Michael Stephan Fuchs's 2006 novel The Manuscript is just what a technothriller should be: taut, violent, smart, and very, very technical. There's plenty of "technothrillers" where the two key elements -- weapons and computers -- are treated as magic stage-props, able to do anything (or be confounded by anything) that moves the plot along. They're written by writers who confuse "programmers" with "network administrators" and think that 200 years from now, "mainframes" will be important and sexy (rather than ancient and useless).
In The Manuscript, an enormous cast of characters comprising many sysadmins, many gun-freaks, several combat veterans, spooks from a number of agencies, named and unnamed, ten zillion cops, a group of murderous avenging Taoists, and Sir Richard Francis Burton and a group of Andean holy men who have discovered the secret of the universe.
Fuchs does a remarkable job of staying within the confines of what technology actually does (both the guns and the computers) while still putting together an immensely entertaining book filled with likable, bloodthirtsy people doing incredible things while the whole world is on the line.
It's everything a technothriller should be. I don't care much about guns, but I do know an awful lot about computers. Fuchs manages to make the gun geeking every bit as interesting as the computer geeking, which is the definitive sign of really good geeking. Hell, he even makes the philosophy geeking as interesting as the computers (he's got a graduate degree in philosophy and Big Questions are the Maltese Falcon of this book).
Though the technology is out of date (the story revolves around shenanigans on Usenet's alt.* hierarchy), The Manuscript packs several kinds of punch -- it's as if The Da Vinci Code had been written by someone who wasn't an idiot.
The Vingcard Vision locks are RFID-based hotel locks; at this week's Infiltrate conference in Miami, Tomi Tuominen and Timo Hirvonen from F-Secure will present a method for combining a $300 Proxmark RFID tool with any discarded key from a given hotel to derive the master keys that allow them to unlock every room in the […]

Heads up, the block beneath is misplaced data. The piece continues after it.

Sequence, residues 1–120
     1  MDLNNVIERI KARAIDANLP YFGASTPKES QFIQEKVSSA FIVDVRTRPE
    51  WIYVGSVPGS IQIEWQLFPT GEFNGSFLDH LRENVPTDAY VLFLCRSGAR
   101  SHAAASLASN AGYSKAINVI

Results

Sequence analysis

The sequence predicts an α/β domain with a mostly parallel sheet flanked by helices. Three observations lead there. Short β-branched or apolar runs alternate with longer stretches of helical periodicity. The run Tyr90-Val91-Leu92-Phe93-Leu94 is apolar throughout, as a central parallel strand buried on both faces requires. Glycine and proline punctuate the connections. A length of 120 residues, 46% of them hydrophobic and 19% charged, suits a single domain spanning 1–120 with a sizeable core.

Johns Hopkins Computer Science prof Professor Peter Fröhlich grades his students on a curve: the highest score on the final gets an A and everyone else is graded accordingly.
How about a whole album full of 11 excellent songs you’ve never heard before, which Joni wrote between 1964 and 1969 but never got around to recording.....sung by an excellent singer....with expert tasteful backup....including the first song she ever wrote, “Hunter,” which until now had appeared on a handful of early unreleased test-pressings of BLUE? Songs so good, they all sound like just-discovered outtakes from SONG TO A SEAGULL—which is basically what they are? How ‘bout, all this for only a sawbuck, US? (or $13 for a physical CD)
Total versatility isn’t something you’d typically find in a telescope. While magnification tech has come a long way, most telescopes are designed to either gaze upon the stars or view the landscapes beneath them. The Omegon Maksutov Telescope MightyMak 60 lets you do both, and thanks to its compact design, you can easily incorporate some sightseeing into […]
The web is an invaluable tool for connecting small businesses with their target audiences. However, when it comes to building a website and marketing online, the learning curve can be steep if you’re doing it on your own. The WordPress Essentials Lifetime Bundle can help you out by getting you up to speed with the platform […]
Most of us understand that when we visit a website, we’re subjecting ourselves to surveillance by trackers. And, while these tools are usually used for innocuous purposes, like determining which ads to show you, they can be leveraged for much more nefarious goals, and they have the potential to tank your browsing speed as well as […]